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Monday, 22 December 2014

Nancy Morejón: Tobacco Worker

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President #RaulCastro: #Cuba not changing communist regime: image via Daily Sabah @DailySabah, 21 December 2014

A tobacco worker wrote
a poem to death. Amid the smoke
and the dry and twisted leaves of the plains
she said she saw the world in Cuba.
It was the year 1999... In her poem
she said she touched the flowers
that formed a magic carpet
flying circles round the Plaza of the Revolution.
In her poem, this worker
grasped tomorrow’s days.
In her poem there were no half shadows, just energetic lamps.
In her poem, friends, there was no Miami, no claims being made;
there was no begging,
there were no acts of malice,
no violations of the labor law;
there was no interest in the Stock Exchange, there was no profit.
Her poem was full of militant cunning, languid intelligence.
Her poem was full of discipline and meetings.
Her poem was full of guts and heart.
Her poem was a treatise on popular economy.
Her poem was full of the desires and anxieties
of a revolutionary, her contemporary.
A tobacco worker wrote
a poem to the death throes of capitalism. Yes, sir.
But not even her brothers, not even her neighbors
guessed at the essence of her life. And they never learned of the poem.
She had kept it, tenaciously and delicately,
together with some leaves of hemp and caña santa,
in a clothbound book
of José Martí.


Nancy Morejón (b. Havana 1944): Tobacco Worker, translated from the Spanish by David Frye in With Eyes and Soul, 2004



"@Yusnaby: #Cuba: Aquí viven Solange y sus 3 hijos, conoce la historia…" #TROPA #ObamaFirmaYa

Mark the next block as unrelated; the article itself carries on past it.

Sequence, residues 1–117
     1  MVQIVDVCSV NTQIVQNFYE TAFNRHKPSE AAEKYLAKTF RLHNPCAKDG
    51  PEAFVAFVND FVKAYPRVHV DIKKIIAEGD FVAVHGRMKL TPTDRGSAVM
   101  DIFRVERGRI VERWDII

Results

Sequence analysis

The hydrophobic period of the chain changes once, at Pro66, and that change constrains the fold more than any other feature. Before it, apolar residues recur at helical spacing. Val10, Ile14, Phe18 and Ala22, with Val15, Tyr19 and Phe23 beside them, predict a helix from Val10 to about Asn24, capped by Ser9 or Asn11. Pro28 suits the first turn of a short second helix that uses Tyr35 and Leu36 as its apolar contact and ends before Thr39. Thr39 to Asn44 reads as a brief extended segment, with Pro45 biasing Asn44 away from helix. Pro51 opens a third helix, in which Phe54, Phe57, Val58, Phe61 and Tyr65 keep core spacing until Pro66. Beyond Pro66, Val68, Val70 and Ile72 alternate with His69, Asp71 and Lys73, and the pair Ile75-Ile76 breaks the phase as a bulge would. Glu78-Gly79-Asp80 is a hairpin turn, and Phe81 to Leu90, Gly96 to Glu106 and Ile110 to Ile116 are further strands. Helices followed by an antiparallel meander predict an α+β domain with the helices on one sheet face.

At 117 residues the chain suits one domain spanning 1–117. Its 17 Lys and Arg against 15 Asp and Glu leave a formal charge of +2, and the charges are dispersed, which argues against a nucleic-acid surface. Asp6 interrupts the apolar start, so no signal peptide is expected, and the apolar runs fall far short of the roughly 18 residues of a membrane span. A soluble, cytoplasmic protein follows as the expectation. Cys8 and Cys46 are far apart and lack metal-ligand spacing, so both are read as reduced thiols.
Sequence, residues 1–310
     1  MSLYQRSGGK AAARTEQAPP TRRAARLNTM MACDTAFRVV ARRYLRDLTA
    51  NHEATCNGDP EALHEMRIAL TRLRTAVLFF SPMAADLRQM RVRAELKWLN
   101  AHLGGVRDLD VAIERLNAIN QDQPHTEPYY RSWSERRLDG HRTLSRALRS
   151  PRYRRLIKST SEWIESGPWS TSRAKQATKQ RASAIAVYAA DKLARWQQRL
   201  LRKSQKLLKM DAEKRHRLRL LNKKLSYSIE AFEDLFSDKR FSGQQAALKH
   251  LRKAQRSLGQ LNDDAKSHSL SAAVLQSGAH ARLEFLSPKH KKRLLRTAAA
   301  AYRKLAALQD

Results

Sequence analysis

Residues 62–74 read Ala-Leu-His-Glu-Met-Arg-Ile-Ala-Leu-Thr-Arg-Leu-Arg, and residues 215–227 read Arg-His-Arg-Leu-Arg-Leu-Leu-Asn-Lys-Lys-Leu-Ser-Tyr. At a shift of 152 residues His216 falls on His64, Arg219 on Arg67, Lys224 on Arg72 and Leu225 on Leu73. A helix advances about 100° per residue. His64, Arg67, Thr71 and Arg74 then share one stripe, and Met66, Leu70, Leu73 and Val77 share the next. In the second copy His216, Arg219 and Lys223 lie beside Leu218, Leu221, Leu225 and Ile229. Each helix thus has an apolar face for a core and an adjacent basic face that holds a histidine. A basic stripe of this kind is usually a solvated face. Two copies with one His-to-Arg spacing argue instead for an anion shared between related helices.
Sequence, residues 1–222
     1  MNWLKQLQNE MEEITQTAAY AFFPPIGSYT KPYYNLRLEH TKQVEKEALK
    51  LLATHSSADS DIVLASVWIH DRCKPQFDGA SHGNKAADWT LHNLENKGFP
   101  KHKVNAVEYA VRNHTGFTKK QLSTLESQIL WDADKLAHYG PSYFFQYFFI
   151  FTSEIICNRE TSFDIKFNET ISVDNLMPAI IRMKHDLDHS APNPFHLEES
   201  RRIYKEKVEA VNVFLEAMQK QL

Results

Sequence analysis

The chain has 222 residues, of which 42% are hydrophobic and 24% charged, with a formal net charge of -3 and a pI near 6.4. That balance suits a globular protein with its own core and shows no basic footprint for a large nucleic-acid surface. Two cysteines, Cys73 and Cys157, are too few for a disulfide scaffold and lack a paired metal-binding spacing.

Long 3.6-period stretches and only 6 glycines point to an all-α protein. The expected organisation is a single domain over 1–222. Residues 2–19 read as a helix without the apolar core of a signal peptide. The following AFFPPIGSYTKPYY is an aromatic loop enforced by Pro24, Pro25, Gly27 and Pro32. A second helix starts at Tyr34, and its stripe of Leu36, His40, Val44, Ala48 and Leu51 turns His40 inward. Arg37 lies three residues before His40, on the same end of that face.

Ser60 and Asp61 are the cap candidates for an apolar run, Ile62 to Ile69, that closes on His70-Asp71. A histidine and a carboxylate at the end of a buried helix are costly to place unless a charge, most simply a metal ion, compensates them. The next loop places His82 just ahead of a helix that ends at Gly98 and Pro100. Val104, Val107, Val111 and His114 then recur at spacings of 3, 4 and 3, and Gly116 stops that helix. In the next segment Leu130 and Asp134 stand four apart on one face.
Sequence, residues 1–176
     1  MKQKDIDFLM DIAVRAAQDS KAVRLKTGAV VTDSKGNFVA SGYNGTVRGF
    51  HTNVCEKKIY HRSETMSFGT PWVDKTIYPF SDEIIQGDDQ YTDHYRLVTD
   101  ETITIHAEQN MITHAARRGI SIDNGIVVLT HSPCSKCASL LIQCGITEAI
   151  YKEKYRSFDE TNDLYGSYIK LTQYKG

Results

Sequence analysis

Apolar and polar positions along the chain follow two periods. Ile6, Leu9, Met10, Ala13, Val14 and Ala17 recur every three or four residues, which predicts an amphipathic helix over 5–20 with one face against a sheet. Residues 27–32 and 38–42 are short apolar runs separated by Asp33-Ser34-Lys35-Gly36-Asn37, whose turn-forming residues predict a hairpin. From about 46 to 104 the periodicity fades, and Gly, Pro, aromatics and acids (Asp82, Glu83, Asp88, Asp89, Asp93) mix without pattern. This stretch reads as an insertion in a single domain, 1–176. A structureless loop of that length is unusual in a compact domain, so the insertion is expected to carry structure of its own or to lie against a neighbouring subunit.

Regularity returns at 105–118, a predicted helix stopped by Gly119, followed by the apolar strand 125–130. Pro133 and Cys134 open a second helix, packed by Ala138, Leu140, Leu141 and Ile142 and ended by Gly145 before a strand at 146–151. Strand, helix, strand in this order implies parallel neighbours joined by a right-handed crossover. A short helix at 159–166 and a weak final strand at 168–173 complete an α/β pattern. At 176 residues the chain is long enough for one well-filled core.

: image via V e r ó n i c a @53@7, 13 December 2014


Obama orders re-establishing of US embassy in #Cuba: image via RT America @RT_America, 17 December 2014


In #Cuba, chants of Viva Obama! That's what @Reuters @danieljtrotta heard in #Havana: image via Don Colarusso @Colarusso42, 18 December 2014


Why #Cuba has accepted the dialogue with the US ? Because it is near collapse @Slatefr: image via Fredric Martel @FredricMartelf, 21 December 2014


Él, abogado retirado recoge pomos y latas para sobrevivir. Ella, graduada de derecho en Bélgica de turismo en #Cuba: image via Yusnaby Perez @Yusnaby, 13 December 2014


@Yusnaby: Pizarra de la carnicería estatal "La Octava Maravilla" en La Habana, #Cuba: image via Patricia Herrera @pherrera, 13 December 2014

 
@Yusnaby: -Pero imagínate chico, yo no tengo familia en Miami que me mande zapatos. #Cuba: image via Patricia Herrera @pherrera, 13 December 2014
 

A Havana woman waits in a 1950s vehicle that operates as a shared taxi: photo by Ramon Espinosa/AP via the Guardian, 20 December 2014


People have lunch at a cafe in St Petersburg: photo by Dmitry Lovetsky/AP via the Guardian, 20 December 2014
 
 
An old photo of Che Guevara takes pride of place in a Havana residence: photo by Ramon Espinosa/AP via the Guardian, 20 December 2014
 
   
A tangle of old and new electrical circuits on a wall in a building in Havana: photo by Ramon Espinosa/AP via The Guardian, 20 December 2014


Two women chat on their balconies in Old Havana
: photo by Ramon Espinosa/AP via The Guardian, 20 December 2014



A man lights a cigar in a cigar club shop in Havana: photo by Ramon Espinosa/AP via the Guardian, 20 December 2014


Bolivar cigars on display in a cigar club shop: photo by Ramon Espinosa/AP via the Guardian, 20 December 2014